That is, the lower the educational attainment, the higher the cigarette smoking prevalence. This is particularly relevant in a country like Brazil that has shown a great reduction in tobacco use in the past 20 years, but the efforts may not have reached some underserved populations such as low-income women with low educational attainment.

In conclusion, we were able to replicate Rash and Copeland's findings in a translated version of the BSCQ-A to Brazilian Portuguese that can prove useful in the development and implementation of gender-relevant tobacco cessation efforts among Brazilian women. We believe this study makes a relevant contribution to researchers as well as clinicians engaged in tobacco cessation efforts in Brazil by providing a valid assessment of outcome expectancy among women. An understanding of women and tobacco-related issues, as well as the need for gender-relevant smoking cessation efforts, have been highlighted as priorities in landmark guiding documents (e.g., World Health Organization Framework Convention on Tobacco Control). One of the guiding principles in this document is "the need to take measures to address gender-specific risks when developing tobacco control strategies" (World Health Organization, 2017).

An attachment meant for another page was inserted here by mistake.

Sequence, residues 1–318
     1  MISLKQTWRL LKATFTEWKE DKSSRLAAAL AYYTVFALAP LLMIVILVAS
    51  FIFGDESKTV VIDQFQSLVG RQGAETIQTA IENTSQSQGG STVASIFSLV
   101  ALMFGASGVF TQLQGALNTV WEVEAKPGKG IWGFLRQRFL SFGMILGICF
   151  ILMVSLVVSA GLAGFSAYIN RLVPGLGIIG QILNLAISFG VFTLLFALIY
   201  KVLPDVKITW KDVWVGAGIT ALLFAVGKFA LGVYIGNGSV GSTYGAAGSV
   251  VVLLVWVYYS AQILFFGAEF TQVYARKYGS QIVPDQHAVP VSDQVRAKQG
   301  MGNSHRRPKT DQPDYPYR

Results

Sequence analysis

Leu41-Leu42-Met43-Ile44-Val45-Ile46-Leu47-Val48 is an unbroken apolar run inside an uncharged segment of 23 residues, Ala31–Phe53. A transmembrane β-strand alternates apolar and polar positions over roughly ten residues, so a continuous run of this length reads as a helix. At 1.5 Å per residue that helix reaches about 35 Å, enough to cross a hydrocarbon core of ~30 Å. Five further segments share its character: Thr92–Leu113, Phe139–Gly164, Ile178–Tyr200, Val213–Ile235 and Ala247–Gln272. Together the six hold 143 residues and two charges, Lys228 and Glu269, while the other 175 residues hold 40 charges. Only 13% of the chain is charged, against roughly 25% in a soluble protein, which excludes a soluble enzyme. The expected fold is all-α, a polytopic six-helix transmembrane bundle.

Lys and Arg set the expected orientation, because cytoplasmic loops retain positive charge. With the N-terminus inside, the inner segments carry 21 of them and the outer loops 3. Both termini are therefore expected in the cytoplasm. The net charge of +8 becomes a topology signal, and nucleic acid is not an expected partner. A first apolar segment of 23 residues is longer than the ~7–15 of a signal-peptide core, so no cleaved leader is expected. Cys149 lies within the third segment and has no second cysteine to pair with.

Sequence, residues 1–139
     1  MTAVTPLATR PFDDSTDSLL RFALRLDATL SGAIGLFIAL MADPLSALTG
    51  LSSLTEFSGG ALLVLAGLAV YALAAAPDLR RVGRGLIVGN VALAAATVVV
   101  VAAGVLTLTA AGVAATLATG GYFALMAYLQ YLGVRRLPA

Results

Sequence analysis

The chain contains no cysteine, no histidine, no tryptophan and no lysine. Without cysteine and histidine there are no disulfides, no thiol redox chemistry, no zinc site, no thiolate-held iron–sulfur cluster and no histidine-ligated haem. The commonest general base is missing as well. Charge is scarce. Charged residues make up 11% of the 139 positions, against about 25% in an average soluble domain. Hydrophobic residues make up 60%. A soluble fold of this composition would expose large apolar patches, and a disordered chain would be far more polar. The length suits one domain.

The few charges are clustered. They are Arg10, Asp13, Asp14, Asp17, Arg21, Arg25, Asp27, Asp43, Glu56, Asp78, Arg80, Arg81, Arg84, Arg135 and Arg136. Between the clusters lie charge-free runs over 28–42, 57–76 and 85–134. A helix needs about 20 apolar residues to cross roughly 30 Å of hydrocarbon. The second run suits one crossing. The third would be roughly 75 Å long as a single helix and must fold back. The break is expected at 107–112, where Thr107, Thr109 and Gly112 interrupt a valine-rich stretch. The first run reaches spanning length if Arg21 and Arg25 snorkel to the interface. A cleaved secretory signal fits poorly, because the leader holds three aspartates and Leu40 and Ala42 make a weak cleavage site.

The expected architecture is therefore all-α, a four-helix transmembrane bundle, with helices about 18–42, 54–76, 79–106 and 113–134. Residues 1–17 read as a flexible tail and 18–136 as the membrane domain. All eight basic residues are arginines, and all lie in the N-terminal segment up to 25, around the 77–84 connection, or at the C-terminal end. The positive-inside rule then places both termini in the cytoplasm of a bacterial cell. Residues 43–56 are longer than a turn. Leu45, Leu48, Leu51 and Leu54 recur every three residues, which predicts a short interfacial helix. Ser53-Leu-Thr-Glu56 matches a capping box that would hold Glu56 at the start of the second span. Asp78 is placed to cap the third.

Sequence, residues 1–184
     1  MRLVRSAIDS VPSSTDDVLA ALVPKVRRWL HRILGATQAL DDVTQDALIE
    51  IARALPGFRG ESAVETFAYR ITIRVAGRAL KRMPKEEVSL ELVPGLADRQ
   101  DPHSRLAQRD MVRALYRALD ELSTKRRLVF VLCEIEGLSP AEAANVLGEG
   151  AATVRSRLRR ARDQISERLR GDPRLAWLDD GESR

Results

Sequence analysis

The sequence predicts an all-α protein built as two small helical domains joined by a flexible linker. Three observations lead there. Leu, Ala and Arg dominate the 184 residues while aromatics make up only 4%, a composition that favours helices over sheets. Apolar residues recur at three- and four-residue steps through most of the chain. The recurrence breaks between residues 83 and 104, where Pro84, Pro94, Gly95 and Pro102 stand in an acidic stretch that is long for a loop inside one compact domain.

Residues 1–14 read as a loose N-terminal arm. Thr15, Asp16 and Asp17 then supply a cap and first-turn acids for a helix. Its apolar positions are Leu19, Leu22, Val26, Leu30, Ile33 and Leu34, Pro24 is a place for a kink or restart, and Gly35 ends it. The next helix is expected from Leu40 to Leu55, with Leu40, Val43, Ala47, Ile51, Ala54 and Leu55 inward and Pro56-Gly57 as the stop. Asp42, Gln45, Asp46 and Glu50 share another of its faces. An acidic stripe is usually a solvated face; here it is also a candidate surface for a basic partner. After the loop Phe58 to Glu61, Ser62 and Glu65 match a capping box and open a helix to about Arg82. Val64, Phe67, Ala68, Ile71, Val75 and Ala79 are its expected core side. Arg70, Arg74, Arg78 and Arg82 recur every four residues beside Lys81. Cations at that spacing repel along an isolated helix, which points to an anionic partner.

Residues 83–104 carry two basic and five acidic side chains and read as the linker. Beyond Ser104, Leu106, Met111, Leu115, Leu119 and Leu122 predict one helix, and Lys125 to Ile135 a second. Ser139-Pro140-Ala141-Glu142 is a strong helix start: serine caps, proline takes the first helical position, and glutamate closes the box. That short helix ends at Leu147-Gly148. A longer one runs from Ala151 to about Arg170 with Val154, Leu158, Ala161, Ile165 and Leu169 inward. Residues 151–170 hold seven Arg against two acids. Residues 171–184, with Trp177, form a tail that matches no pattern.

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Mailling address:
Isabel C. Scarinci
University of Alabama at Birmingham
Avenue South, MT 609
Birmingham, AL, 35294, USA, 1720, 2nd

Submission: 23/04/2018
Acceptance: 13/11/2018
This work was supported by the Fogarty International Center of the National Institutes of Health (R01TW009272).